We arrive at Two Hawks’ tipi and are escorted to a circle around a not yet ignited camp fire for introductions and small conversations. Two Hawks appears dressed in  his Lakota Medicine Man hides and beaded chest coverings with his hair braided back. I am in immediate awe of his calmness. I am glad we are here in his and his lovely wife’s presence on their land, Creator’s land, about to have a spiritually filled night. Kevin and I learn that  the home of the Lakota is a tipi is not spelled with “e” but with  an “i” and that the medicine wheel is one of contemplation, prayer, and connection to spirit. Two Hawks teaches us the Lakota way of prayer ties, the path of red or the path of black or blue in life which we much choose, and how to construct a prayer tie properly with a pinch of tobacco and simple cotton cloth in one of the four colors–red, yellow, white, or blue.  We all make a red prayer tie to honor the nine recently killed victims in the St. Louis hate based church shooting and one more for a personal prayer. Kevin and I choose yellow for our prayer ties to represent new beginnings, new love, future.  The prayer ties each of us did for the shooting victims are in red, for blood, passion, and forgiveness. The powers we have as humans are to change, to evolve toward love and compassion. The Lakota knew this century before, and the prayer wheel represents a union of all races and all beliefs, as Two-Hawk explains each color’s significance. We adjourn from the introductions and are instructed in prayer ties, and begin our entrance after a sage smudging into the prayer circle walk.   As I walk around the stone enclosed prayer circle, stopping at each position to feel the peace, I look to see where I will tie my prayer ties to overhanging branches, In front of the next to last direction, the white prayer flag, the point of spirit, south’s sacred vibration, I feel my heart buzz and expand in my chest. There is not a doubt in my mind that this IS my place in the world.  I am happy and circle once more to the overhanging oak branches at the entrance, which is East, to place my prayer tie for those who died in the shooting, and then again I circle to the pines near the West  and the South prayer flags, representing the storms of life we must overcome, to place my yellow prayer for a good future, half way between the South and the West, as I see my marriage, so many storms passed, and so much “new life”  —spiritual life after the death of  my former dreams. It is all good, and Creator blesses us with a conversation and very touching historical talk from Two Hawks, a campfire song in Lakota, and his flute music filling our ears and hearts with love.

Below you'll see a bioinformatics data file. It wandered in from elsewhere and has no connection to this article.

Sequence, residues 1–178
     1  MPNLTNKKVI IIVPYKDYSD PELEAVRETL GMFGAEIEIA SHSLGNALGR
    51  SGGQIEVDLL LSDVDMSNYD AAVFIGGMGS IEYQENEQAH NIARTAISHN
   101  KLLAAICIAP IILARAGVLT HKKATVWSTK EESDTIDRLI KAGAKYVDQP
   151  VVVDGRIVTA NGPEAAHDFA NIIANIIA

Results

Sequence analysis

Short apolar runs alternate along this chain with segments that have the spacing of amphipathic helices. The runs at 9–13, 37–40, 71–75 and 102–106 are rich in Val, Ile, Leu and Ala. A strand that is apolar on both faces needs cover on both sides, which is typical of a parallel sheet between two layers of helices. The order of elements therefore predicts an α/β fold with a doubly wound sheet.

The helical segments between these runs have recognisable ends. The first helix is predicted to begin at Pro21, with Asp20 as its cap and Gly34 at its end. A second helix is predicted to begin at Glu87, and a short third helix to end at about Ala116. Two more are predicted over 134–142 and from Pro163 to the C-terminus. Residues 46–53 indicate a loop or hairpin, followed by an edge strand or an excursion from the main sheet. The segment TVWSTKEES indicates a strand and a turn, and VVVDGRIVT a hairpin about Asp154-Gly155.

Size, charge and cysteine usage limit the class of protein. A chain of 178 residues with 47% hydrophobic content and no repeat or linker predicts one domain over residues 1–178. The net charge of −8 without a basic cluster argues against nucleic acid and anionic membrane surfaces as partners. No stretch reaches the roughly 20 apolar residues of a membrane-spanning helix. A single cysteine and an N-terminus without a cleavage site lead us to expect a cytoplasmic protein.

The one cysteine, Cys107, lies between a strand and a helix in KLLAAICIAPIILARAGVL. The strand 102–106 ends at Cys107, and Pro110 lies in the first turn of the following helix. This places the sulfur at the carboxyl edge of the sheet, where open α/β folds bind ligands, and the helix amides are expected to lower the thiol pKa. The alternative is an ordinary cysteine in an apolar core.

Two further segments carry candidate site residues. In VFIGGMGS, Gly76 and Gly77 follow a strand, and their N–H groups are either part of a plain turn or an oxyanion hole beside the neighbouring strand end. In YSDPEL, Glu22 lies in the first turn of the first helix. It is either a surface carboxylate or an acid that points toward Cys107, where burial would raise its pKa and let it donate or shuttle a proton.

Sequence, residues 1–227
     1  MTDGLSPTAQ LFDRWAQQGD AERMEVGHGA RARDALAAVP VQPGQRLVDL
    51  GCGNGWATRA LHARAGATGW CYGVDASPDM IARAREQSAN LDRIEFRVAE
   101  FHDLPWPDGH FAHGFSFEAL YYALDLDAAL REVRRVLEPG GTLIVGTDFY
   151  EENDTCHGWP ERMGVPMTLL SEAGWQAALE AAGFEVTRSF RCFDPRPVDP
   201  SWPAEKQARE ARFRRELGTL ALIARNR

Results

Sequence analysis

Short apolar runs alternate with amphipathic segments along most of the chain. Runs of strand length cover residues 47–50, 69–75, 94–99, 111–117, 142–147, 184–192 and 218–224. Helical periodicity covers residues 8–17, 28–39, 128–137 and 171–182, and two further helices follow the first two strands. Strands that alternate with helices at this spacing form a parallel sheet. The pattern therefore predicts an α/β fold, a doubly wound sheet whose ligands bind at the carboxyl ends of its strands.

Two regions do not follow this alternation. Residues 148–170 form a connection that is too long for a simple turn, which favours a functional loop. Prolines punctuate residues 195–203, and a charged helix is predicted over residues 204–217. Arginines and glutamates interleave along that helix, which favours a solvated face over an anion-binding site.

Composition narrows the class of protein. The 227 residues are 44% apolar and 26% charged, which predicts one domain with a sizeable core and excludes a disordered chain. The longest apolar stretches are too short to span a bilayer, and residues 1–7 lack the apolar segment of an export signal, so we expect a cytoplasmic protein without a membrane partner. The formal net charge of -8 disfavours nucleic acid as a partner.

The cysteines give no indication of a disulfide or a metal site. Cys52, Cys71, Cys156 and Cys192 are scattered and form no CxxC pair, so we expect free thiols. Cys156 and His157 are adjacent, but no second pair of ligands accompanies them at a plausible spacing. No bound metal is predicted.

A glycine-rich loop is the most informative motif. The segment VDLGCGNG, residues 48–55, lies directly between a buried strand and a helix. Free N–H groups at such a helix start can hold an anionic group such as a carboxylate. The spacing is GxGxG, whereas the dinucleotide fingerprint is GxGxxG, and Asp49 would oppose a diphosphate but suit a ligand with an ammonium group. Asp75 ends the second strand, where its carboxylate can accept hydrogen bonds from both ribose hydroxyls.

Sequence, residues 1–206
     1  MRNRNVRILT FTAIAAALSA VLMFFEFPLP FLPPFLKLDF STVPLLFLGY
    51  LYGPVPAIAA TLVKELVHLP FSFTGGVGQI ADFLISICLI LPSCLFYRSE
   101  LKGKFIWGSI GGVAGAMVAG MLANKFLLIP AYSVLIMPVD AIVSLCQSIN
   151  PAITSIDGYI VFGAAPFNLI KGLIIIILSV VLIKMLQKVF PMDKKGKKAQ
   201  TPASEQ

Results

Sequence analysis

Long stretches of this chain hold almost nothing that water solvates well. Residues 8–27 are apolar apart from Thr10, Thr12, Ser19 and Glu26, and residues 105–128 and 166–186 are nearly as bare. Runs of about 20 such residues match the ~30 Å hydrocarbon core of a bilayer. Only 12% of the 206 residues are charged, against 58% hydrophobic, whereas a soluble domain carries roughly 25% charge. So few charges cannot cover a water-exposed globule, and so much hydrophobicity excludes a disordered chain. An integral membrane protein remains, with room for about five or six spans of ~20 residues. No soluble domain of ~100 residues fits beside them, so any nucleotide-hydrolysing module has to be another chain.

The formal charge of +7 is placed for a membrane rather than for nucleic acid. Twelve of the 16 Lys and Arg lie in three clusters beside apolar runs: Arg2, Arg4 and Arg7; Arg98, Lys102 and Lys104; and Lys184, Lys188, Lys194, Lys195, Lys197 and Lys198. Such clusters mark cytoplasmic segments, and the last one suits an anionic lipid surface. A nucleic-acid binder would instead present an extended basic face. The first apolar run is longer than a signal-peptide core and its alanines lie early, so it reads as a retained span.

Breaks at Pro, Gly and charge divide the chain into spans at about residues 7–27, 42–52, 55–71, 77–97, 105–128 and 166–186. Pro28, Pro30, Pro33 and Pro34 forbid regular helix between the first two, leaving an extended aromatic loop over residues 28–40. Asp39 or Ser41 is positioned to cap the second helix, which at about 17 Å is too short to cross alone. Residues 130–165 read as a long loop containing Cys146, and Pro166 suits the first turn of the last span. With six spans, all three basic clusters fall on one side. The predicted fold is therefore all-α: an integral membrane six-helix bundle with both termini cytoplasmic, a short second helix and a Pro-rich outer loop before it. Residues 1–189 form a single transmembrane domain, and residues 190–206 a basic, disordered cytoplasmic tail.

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Lakota Medicine Wheel